A breaking story on the BBC adds to the urgency of an earlier post today about the religious war gaining momentum in Africa. The latest attack by a gunman on a church in Maiduguri, Nigeria is reported to have killed five people including the pastor of the church.
Meanwhile, the death toll in the Kano attack has been revised upward. At least 16 people are now reported dead and six are in serious condition after a bomb and gun attack on a group of Christians conducting a prayer service. Other reports place the death toll at 20.
Both Maiduguri and Kano have been scenes of previous religious violence as radical Islamic groups claim “credit” for attacks on Christian churches, schools and believers in northern Nigeria.
Nigeria is a major flashpoint for the religious conflict seen across Africa as a surging Christian presence shakes the confidence of traditional Islamic communities and as radical currents in global Islam make themselves felt in sub-Saharan Africa. Since independence, Nigeria’s Christian community has doubled as a proportion of the population (from roughly a fourth of the population to roughly one half) as animists and believers in traditional African religions converted to Christianity. Additionally, some Muslims have converted.
The surge in Christian numbers comes at the same time that the Christian population and the predominantly Christian regions of the country are becoming more prosperous than the mostly Muslim north. Political power is also flowing to the south.
The political instability across sub-Saharan Africa often has religious elements that the mainstream media likes to downplay. This is partly because many secular reporters and some diplomats genuinely don’t understand how important religion is as a force in these countries and partly because of the “Voldemort” problem: if we talk too much about religious violence, there will be more of it.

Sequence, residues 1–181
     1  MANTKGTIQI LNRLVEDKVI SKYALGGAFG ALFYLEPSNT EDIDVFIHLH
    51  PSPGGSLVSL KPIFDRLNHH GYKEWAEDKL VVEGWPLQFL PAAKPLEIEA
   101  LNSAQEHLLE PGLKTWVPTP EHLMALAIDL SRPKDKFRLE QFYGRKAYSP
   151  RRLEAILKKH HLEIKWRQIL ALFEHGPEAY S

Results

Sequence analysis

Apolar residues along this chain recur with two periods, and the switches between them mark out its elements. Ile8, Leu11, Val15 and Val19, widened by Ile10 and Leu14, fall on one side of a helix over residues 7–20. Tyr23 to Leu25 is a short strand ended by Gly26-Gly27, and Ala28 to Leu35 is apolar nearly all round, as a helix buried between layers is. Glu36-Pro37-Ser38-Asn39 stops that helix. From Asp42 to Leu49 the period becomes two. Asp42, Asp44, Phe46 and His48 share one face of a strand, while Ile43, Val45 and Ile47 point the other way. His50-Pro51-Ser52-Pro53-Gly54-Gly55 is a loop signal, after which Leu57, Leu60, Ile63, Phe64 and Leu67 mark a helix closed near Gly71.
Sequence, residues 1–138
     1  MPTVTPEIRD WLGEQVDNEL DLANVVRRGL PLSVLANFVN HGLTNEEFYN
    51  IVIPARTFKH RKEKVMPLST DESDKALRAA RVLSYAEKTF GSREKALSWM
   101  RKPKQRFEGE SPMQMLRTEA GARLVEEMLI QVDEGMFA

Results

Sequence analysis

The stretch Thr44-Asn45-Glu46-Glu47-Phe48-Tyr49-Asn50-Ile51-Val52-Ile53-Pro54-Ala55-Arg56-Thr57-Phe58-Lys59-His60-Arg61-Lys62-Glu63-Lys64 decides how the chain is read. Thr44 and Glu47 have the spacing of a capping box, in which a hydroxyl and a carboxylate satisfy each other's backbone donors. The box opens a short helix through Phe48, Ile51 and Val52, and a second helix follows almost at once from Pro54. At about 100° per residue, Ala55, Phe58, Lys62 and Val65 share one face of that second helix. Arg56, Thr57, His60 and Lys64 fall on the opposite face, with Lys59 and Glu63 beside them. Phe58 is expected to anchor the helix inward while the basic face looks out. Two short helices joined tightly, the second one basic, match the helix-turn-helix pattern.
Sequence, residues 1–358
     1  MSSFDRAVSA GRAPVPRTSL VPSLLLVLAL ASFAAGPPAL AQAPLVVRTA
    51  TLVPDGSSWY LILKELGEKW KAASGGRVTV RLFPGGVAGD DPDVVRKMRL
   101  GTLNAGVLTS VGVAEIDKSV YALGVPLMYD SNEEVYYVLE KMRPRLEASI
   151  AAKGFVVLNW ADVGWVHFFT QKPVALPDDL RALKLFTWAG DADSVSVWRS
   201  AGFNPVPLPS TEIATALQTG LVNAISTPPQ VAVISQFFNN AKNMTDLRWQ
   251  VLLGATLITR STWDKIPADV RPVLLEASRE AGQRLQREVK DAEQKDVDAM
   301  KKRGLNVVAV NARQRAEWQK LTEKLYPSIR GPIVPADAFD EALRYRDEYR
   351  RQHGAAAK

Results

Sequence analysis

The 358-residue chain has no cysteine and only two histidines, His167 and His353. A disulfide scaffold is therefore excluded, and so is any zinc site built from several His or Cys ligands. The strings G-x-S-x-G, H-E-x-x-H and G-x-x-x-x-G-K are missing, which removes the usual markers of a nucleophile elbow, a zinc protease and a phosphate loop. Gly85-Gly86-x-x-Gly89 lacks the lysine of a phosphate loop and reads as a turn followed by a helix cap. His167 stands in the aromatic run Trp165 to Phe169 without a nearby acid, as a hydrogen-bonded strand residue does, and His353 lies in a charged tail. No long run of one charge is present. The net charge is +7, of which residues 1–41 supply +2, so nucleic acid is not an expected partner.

But the reality is that for many Christians and Muslims in Africa today, religion is at the core of their identities and helps shape their political and social visions. Today those visions are in conflict, not in one or two places but across the breadth of Africa where Islam coming down from the north meets the Christian surge from the south and the coasts.
Americans are far more engaged in this process than most media reports suggest. Close links between Christian groups in Africa and those in the US have recently made the news because of controversies in Africa over homosexuality, but that is only the tip of an iceberg. Perceptions in the US about the nature of Islam and the relationship between Christianity and Islam are more heavily influenced by religious violence and competition in Africa than the mainstream media realize. When churches are being firebombed, pastors shot, and (as in Sudan for many years), Christians are being rounded up and sold into slavery by warrior bands who claim to fight in the name of Islam, there can be a certain chilling effect on interfaith dialog.
It would be a mistake to overstress the religious conflicts in Africa, but at the moment the US press is in no danger of that. The relationship between Christianity and Islam worldwide is a major factor in America’s world standing; the media needs to do a better job reporting on the conflicts in Africa and in tracing the ways in which that news comes back through religious news agencies and other sources to affect perceptions and views back here in the United States.
The rise of Christianity in Africa does more than create some political issues and conflicts. It also creates new and important areas of communication and influence for democracy promotion, state building and cooperation between the US and other western countries (like Brazil, also a source of Pentecostal missionaries in Africa with many religious ties) and much of Africa. Building on these new ties is one of America’s great international opportunities in the 21st century; the failure of our press to cover the colorful and important story of the Christianization of Black Africa is one of the biggest media failures of our time.